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Employment Law

Need employment law advice? Your employee’s hungry attorney knows the latest on employment at will, reasonable accommodations, and more.

Minimize employer liability, optimize labor relations, bullet-proof your employee handbook and update your knowledge of ADA guidelines with our employment law advice.

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Disabled employees may be entitled to transfer to an existing and open position, but they have no right under the ADA or the Rehabilitation Act to demand a job be created specifically as an accommodation.
The 8th Circuit Court of Appeals had reinstated a lawsuit against a grain operator based on the suspicious timing of a discharge and the use of what the court thought sounded like a manufactured excuse for not rehiring the worker.

Companies now have greater flexibility to engage outside labor without fear they will be charged with trying to dodge minimum wage or overtime rules.

Ford Motor Company has agreed to pay $10.125 million to settle EEOC charges of sex and race harassment against a group of employees at two Ford plants in Illinois.
Under some circumstances, making an employee move to a different job location can be viewed as an adverse employment action. However, minor inconveniences don’t cut it.
It’s that time of year again: With the threat of a government shutdown looming Sept. 30, HR pros working for federal government contractors should pull out their contingency plans for temporarily furloughing employees who do work for Uncle Sam.
Creating a rare moment of unity, the Trump administration has offered a proposal on which virtually the entire employment community agrees. It wants to merge the EEOC and the Department of Labor’s Office of Federal Contract Compliance Programs. Almost everyone thinks this marriage is a bad idea.
When an employer offers a legitimately reasonable accommodations for a disabled employee, it has fulfilled its obligation under the law. It doesn’t matter if the employee wanted some other accommodation or wasn’t happy with the level of employer/employee interaction used to arrive at the accommodation.
Under the FLSA, purely “discretionary” bonuses do not need to be included when calculating the regular rate. “Nondiscretionary” bonuses, however, must be included.
Pre-judging an applicant with an obvious disability can lead to big legal trouble. Just mentioning such a disability—think needing crutches to walk, for example—can become the basis for a discrimination lawsuit if the applicant isn’t hired.
Minnesota employers are required to provide their employees with a dizzying array of information about their workplace rights. If you haven’t recently reviewed the posters hanging in your break room or above the time clock, now is a good time to make sure you’re in compliance with all posting requirements.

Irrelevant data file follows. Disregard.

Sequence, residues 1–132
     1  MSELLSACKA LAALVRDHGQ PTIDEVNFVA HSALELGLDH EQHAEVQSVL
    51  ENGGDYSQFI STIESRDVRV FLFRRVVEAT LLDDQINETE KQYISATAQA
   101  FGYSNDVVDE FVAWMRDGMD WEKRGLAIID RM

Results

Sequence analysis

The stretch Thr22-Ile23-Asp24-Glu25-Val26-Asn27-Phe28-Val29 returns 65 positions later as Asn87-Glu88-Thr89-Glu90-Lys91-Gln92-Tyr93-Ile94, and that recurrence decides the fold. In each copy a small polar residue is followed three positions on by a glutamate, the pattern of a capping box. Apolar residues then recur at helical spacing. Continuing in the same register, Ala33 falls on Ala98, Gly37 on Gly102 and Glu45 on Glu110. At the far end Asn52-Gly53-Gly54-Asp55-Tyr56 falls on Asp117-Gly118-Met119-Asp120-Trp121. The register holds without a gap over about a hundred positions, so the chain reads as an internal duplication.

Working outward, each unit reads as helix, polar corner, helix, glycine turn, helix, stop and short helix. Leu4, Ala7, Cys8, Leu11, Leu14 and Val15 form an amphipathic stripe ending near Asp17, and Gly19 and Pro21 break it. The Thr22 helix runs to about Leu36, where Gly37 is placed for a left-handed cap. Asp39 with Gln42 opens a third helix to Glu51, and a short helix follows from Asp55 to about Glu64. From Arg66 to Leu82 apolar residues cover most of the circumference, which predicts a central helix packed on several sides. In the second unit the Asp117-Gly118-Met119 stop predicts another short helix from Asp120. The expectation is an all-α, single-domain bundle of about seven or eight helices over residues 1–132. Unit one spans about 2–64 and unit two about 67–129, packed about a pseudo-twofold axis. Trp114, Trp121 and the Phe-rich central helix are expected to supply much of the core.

National Labor Relations Board Chair  Philip Miscimarra says he won’t seek reappointment to the board when his term expires in December.
International shipping giant UPS has agreed to pay $2 million to nearly 90 current and former employees to settle a nationwide EEOC disability discrimination lawsuit filed in 2009.
The National Labor Relations Act provides powerful support for employees who want to join a labor union. It generally permits employees to wear a union logo on their clothing at work. Punishing employees for doing so will often result in the filing of unfair labor practices charges.
Out-of-state entities with the power to dictate a New York employer’s hiring and retention policies take notice: You can be subject to liability under the New York Human Rights Law if you “aid and abet” discrimination against individuals who have a prior criminal conviction, even if you are not the direct employer of those individuals.
An administrative law judge has ordered Northwest Title, located in White Bear Lake, Minn., to pay two employees $107,893 in back wages and fringe benefits.
A Hennepin County District Judge has sided with a former bartender at the Surly Brewing Co. in Minneapolis in a dispute over the company’s tip pooling practices.
A Minnesota appeals court has reinstated a Uniformed Services Employment and Reemployment Rights Act claim against a state university.
What can you do about a disabled employee who has requested a late starting time as a reasonable accommodation—and still can’t manage to get to work on time? You can and should discipline her just as you would any other employee with attendance problems.
If you’re like most employers, you want to control who works overtime and when they do it. You no doubt have a sternly worded policy addressing the issue in your handbook. But a strong policy is only half the battle.
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